Off The Radar: Premature (2014)

premature-movie-poster-01-1390x2048Roze-Rating: 3.5 / 5

Premature may look like your average teen gross out comedy judging from the unknown cast and budget production, and you would be right to assume that but it doesn’t matter because aren’t the point of comedy films to entertain you and make you laugh? Rob Crabbe (John Karna) is a normal teen coming to the end of high school, but just like any male teen he has fantasies, fantasies causing him to wake up with slimy boxers and an awkward mother telling him to put his own sheets in the wash after walking in on him. What Rob soon finds out is that whenever he releases his special sauce during the day, he lands right back in bed in the same awkward situation as before. Some would find it a burden but eventually Rob embraces it, which could potentially break him out of the “curse”.

I’ve seen enough of these B-movie comedies to know not to take them too seriously, or expect a lot out of them, but something about Premature sets it apart from the others. For one the premise is quite fun, it’s already been branded as Groundhog Day meets American Pie, and I’d say that seems quite accurate. It has the exact same format as Groundhog Day but takes a more gross out, cheap laugh root towards its comedy. That being said the jokes try not to be cheesy or overdone, and that’s probably down to the comedic timing and likability of the cast.

There’s something about Craig Roberts that makes me laugh, it could be his stone cold facial expressions, the fact I can’t help thinking he would look good in glasses or his hilarious delivery, whatever it is it makes me want to see more from him. Improv or not he has some hilariously memorable quotes. An example “It’s a scientific fact that your blood pressure drops when you orgasm, it’s like your balls are shooting yoga through your veins”, classic. He’s already starred in recent hits such as 22 Jump Street and Neighbors, so he must be doing something right. Alan Tudyk also makes a memorable appearance as a college admissions officer who happens to be a widower. I know it shouldn’t be funny but Tudyk somehow makes it funny, big fan of his after his appearance in Transformers 3. Also look out for Adam Riegler who looks as though he was pulled out from a Nickelodeon sit com, definitely a highlight of the film. As for John Karna, he is one of the few unknown leads, in these kind of films, that actually look promising for the future. He may not have done anything groundbreaking but at least I wasn’t trying to pretend he could act which is usually the case for these films, and he made me laugh multiple times which is the goal right?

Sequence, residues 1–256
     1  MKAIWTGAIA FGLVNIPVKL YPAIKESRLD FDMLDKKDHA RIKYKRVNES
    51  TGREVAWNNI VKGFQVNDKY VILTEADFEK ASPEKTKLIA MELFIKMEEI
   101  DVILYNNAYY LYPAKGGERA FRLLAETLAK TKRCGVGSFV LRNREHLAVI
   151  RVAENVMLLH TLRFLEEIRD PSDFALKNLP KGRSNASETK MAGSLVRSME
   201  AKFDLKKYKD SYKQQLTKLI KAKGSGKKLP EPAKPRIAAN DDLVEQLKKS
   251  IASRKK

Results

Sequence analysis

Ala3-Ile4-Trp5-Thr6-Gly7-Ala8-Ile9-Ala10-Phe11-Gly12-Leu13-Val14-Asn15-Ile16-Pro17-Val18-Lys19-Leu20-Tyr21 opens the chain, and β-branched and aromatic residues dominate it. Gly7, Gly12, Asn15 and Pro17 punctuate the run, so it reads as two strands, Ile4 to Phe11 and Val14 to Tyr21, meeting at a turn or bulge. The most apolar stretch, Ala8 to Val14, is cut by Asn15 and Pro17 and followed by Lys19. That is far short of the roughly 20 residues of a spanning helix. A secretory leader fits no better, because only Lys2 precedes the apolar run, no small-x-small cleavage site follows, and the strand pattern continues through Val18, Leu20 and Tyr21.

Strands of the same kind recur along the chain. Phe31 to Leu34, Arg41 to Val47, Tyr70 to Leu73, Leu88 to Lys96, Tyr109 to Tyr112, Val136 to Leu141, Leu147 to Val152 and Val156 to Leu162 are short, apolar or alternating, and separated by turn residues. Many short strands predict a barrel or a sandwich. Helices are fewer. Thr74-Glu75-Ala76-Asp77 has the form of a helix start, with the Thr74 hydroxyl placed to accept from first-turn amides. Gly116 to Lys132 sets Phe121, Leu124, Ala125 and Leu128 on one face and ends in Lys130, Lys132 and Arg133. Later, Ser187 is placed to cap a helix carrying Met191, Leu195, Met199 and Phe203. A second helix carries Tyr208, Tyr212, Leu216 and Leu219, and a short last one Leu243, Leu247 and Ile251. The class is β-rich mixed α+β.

If the film ever reaches your cinemas, I wouldn’t tell you to go spending money on a ticket, but I would tell you that if you’re like me and find it hard looking for new comedies to watch due to watching them all already, then this is a perfectly fun film for your weekend screen fix.